The Ohio State University Wexner Medical Center is home to the world’s first Center for Abdominal Core Health, bringing together a multidisciplinary team of experts to help patients improve their core strength and to treat problems of the abdominal core.
The concept of abdominal core health, a new field, focuses first on maximizing the core muscle strength of patients when they are healthy, through exercise, nutrition and physical therapy. When problems like hernias, diastasis of the abdominal wall, and growths and tumors of the core arise, the center convenes a team from a broad range of specialties to develop a personalized treatment plan for each patient. Clinicians from general and gastrointestinal surgery, plastic surgery, trauma surgery, cancer surgery, physical therapy and rehabilitation, colorectal surgery and integrative medicine work together not only to fix the patient’s problem, but to help set up the patient for long-term success.
The Center for Abdominal Core Health is led by Benjamin Poulose, MD, MPH, director, Division of General & Gastrointestinal Surgery; Jeffrey Janis, MD, professor of Plastic Surgery, Neurosurgery, Neurology and Surgery; and Vimal Narula, MD, associate professor of surgery in the Division of General and GI Surgery.
The Ohio State Wexner Medical Center serves as the Data Coordination Center for the Americas Hernia Society Quality Collaborative (AHSQC), a national quality improvement effort in hernia surgery that strives to improve care delivered to hernia patients across the country.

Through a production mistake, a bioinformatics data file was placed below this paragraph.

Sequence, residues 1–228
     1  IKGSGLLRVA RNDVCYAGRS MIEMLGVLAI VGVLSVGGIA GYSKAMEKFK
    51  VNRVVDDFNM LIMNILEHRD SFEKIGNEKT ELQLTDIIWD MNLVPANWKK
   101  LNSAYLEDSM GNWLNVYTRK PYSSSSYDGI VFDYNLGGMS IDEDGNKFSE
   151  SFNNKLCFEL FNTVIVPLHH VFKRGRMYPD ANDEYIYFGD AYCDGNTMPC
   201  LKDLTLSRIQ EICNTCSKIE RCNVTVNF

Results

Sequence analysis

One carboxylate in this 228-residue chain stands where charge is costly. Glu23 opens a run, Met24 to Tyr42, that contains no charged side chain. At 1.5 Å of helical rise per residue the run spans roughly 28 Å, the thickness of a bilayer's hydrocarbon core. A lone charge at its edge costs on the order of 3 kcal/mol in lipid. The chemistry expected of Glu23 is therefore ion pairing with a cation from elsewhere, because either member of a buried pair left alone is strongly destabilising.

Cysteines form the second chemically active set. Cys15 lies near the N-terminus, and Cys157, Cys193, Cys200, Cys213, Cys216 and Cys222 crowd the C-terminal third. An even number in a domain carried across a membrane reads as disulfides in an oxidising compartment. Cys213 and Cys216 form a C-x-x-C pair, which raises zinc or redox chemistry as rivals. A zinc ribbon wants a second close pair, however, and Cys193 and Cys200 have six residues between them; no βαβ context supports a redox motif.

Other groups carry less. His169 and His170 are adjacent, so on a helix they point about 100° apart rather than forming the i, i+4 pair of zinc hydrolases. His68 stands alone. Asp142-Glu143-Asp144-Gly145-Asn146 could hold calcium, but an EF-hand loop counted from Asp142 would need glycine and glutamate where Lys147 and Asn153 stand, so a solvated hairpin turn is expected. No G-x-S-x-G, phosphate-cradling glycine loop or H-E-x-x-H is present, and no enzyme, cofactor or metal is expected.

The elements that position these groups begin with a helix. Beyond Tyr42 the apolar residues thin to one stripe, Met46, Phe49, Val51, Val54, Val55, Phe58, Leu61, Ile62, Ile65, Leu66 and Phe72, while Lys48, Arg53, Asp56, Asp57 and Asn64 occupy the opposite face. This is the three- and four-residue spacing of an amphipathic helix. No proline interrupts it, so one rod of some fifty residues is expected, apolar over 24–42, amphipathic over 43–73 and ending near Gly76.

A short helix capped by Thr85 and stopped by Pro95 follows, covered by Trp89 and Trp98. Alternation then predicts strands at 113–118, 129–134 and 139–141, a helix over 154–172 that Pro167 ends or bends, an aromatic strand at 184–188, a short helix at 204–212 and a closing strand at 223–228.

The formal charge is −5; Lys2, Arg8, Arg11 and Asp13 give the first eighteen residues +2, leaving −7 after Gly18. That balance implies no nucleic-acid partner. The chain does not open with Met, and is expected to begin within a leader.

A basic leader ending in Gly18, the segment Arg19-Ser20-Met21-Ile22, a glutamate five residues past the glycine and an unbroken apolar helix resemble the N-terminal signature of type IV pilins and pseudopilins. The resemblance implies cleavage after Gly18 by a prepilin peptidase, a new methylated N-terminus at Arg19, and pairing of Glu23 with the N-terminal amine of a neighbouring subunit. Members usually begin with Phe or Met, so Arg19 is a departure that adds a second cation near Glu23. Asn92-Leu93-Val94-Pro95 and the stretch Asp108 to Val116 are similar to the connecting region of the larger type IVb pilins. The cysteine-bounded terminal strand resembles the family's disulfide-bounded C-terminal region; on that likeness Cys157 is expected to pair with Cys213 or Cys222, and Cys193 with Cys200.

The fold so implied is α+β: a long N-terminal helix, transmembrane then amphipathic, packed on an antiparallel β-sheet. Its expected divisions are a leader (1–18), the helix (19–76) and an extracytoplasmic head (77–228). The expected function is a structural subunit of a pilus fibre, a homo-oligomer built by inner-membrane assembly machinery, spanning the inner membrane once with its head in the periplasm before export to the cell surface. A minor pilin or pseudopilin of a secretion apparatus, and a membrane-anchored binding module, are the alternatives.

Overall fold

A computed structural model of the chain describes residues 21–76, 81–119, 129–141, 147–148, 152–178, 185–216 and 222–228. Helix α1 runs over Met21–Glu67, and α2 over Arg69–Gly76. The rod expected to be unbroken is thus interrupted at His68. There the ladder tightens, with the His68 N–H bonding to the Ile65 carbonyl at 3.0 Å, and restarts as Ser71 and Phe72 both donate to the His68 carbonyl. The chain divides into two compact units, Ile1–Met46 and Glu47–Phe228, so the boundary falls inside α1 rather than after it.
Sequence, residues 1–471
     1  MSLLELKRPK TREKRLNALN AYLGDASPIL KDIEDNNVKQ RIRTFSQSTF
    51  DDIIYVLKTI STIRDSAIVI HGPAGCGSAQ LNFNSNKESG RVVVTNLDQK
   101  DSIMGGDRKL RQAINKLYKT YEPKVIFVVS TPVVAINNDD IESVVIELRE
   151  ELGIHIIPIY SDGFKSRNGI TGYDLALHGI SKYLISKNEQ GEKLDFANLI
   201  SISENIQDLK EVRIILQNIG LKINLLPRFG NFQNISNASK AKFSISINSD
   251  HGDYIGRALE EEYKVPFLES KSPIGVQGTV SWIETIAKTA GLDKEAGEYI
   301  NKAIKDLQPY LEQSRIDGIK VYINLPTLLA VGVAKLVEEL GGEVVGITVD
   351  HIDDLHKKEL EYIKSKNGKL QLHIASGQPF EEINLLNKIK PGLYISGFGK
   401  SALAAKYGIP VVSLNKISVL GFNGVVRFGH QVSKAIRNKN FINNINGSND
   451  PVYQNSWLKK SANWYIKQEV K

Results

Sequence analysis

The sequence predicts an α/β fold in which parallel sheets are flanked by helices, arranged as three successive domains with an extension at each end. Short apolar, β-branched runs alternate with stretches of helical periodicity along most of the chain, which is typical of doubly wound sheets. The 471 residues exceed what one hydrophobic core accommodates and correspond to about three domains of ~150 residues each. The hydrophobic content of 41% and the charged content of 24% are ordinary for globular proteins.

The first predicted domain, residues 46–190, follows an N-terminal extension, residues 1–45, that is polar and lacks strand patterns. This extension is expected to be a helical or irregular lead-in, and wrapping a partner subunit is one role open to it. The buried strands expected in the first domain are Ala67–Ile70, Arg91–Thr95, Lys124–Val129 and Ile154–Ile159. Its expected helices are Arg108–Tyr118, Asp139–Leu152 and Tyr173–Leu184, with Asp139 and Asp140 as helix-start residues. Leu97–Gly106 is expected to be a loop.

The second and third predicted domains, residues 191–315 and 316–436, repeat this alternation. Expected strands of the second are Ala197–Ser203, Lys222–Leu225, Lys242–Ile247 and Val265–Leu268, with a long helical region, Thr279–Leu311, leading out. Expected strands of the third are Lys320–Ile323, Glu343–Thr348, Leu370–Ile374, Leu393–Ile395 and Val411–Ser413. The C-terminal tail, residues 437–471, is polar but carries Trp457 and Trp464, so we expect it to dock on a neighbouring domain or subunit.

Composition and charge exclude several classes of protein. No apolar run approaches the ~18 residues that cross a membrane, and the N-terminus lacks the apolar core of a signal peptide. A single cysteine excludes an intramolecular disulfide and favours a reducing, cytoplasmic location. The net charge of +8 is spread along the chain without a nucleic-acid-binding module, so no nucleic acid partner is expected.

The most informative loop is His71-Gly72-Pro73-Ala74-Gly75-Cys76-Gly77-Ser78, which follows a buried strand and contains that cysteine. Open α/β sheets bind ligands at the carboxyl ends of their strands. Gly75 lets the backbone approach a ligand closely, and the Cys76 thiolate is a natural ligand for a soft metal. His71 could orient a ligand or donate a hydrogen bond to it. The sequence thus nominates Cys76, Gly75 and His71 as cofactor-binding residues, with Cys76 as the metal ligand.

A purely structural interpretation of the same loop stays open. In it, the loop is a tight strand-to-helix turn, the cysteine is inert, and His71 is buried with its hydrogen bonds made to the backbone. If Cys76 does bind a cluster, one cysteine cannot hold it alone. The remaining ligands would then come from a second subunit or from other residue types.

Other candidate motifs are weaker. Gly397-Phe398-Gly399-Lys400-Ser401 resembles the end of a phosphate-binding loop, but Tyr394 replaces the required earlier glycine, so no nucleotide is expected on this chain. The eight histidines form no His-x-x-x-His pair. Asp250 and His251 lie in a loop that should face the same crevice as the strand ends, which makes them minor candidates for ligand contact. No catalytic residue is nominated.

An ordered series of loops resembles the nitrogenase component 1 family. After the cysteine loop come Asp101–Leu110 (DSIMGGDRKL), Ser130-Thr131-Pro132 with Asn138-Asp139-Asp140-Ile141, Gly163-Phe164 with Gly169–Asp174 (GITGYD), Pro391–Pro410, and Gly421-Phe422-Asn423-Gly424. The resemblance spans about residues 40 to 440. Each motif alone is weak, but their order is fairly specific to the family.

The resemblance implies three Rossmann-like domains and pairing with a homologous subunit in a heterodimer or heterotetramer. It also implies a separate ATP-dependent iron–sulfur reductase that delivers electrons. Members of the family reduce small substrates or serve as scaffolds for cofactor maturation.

Recently, Ohio State helped lead the effort to develop the AHSQC’s Abdominal Core Surgery Rehabilitation ProtocolSM, providing evidence-based guidelines to help improve patient outcomes.
The protocol focuses on prehabilitation in addition to the more traditional post-surgical rehabilitation. The AHSQC resources include a patient guide, in-hospital guide and a physical therapist guide. This fills a gap that currently exists in the management of hernia repair patients, making physical therapy and exercise an integral part of the recovery process – not an afterthought.
“It’s a big paradigm shift in the management of hernia patients and is part of the concept of abdominal core health,” said Dr. Poulose, who also serves as the president of the Americas Hernia Society and director for quality and outcomes for the AHSQC. “The Ohio State Wexner Medical Center is proud to have helped develop this and to be first in the country to implement the protocol.”